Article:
If your background does not include extensive experience in accounting, the learning curve can sometimes be pretty steep. In this help file, we wanted to share some of the basics when it comes to accounting both here in ISP and beyond.
First, while there are plenty of different transaction types, the most commonly used transactions are Monetary Contributions and Expenses, and each transaction will have a cash impact.
For example, Monetary Contributions and Other Income transactions increase cash, while Expenses decrease cash.
There are also some transactions, such as Inkind Contributions, that have no impact on cash. The reason is they are considered a gift of something rather than money.
Sometime you want to enter the exact opposite of a transaction, such as a reversed Monetary Contribution. A reversed Monetary Contribution is a lot like an expense, as its purpose is to decrease to cash. These are created by checking the Is Reversal box at the top of the transaction details.
So if reversed contributions reduce cash and so do expenses, what’s the difference? It is a subtle one and mostly has to do with properly understanding, as well as reporting, your finances.
With a campaign, or a business, you have your income and you have your expenses. A reversed Contribution is a decrease in income rather than an expense. The most common situation would be a bounced check.
When adding contributions to the system prior to batching them into deposits, it helps to add them to the Undeposited area, then batch them according to when they were deposited into your bank account, as opposed to adding each transaction to the Register and batching them after the fact. This also will allow for a smoother reconciliation process.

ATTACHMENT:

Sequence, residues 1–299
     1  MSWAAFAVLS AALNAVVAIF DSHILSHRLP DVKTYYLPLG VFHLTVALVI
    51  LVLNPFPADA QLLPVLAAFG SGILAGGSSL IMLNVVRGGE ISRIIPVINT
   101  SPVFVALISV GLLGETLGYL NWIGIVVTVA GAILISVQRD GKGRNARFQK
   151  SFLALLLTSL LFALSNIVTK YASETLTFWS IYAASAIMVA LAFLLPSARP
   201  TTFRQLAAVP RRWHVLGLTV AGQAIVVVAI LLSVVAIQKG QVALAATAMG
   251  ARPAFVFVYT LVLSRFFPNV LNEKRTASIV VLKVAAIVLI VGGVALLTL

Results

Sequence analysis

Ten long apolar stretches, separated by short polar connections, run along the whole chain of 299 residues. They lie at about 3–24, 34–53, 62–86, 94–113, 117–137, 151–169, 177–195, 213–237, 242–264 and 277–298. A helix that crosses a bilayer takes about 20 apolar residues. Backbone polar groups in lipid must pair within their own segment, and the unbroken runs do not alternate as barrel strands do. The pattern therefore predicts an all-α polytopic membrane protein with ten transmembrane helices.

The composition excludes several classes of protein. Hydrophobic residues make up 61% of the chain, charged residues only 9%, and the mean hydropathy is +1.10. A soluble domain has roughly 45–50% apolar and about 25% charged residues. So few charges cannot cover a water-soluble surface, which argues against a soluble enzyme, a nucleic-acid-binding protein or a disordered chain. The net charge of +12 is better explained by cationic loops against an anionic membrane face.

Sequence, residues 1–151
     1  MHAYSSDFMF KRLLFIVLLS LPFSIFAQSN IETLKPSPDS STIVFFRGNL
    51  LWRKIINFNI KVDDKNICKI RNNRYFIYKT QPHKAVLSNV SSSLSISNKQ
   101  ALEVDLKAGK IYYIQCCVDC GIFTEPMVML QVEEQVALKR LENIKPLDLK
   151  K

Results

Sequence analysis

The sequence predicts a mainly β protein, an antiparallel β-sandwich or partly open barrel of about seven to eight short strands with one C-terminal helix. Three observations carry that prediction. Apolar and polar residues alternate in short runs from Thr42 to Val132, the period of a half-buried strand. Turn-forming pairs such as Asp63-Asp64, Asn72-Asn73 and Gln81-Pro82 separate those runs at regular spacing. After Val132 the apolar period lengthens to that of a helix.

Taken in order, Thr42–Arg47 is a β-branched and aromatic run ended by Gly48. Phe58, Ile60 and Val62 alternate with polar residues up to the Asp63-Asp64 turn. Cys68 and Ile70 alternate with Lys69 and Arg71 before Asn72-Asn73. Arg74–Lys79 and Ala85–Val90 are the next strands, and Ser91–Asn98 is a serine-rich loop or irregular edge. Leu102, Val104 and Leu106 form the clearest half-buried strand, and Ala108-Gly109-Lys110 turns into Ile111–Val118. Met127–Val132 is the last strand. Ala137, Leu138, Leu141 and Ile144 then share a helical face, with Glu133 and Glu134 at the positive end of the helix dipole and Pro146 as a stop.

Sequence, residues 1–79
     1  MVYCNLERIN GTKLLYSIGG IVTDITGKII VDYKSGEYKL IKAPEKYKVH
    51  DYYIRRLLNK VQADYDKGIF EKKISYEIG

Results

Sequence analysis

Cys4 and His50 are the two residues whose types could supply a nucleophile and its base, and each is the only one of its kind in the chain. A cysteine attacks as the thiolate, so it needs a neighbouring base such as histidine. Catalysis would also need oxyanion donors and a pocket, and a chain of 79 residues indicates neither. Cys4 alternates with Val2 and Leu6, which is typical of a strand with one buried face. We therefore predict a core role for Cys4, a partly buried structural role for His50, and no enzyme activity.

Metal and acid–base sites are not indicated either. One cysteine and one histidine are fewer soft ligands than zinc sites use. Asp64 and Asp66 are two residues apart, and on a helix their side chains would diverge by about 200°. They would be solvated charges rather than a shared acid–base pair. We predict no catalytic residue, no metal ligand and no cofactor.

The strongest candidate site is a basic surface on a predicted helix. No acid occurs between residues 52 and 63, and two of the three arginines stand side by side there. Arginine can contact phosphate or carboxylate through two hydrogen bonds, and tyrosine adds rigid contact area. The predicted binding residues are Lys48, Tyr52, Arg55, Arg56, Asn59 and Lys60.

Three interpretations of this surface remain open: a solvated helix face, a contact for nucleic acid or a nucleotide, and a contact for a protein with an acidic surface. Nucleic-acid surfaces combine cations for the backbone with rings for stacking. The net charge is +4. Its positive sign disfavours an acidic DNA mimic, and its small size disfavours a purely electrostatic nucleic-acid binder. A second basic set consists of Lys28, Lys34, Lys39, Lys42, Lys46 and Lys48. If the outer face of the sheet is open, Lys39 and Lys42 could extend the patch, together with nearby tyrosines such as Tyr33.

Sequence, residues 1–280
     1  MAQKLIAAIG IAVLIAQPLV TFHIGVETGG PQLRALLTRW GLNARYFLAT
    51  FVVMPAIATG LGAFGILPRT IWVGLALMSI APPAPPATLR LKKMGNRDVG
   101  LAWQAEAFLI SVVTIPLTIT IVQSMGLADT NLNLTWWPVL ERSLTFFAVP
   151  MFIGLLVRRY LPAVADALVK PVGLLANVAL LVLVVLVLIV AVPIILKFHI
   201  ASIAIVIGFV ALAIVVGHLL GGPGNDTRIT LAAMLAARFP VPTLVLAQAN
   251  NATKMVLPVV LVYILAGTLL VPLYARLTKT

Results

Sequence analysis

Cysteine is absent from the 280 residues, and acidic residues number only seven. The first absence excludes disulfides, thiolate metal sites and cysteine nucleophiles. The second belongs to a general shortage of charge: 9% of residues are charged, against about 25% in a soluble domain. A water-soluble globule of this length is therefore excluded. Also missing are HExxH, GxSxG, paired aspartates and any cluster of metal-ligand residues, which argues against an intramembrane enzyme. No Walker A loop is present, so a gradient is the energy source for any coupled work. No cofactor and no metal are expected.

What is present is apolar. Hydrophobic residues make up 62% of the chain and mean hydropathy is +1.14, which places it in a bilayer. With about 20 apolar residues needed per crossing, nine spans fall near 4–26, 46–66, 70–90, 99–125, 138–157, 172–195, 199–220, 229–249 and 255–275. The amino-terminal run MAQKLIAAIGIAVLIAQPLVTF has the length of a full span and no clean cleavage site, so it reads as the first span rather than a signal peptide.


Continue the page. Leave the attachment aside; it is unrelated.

It’s also a useful practice to add transactions to the database as soon as you can. This allows the AI feature to warn you of any potential issues with your transaction you may have missed when adding them. When it comes to reporting, the last thing you’ll want to deal with are issues on a deadline.
Bookkeeping is essentially a way of recognizing there’s an accounting mistake somewhere but you don’t have the time to figure out exactly what so in the meantime, in order to temporarily get totals correct, you’ll enter a correcting transaction instead.
Please note we don’t recommend this but we understand sometimes it’s necessary.
Once you have filed your report or handled any other tasks that required the Bookkeeping transaction, be sure to go back and determine the cause of the discrepancy, then remove the Bookkeeping transaction.
Cash vs. Net Worth
You may see these two terms in the system, Cash on Hand and Net Worth. While they have some similarities in specifics, the biggest difference between the two is where Cash on Hand means the actual amount of money you have in the bank, Net Worth is the cash you have MINUS any outstanding debt you may have, such as loans or accrued expenses.
You can generate a report of Cash on Hand vs Net Worth on the Compliance Tools page under the Reporting tab.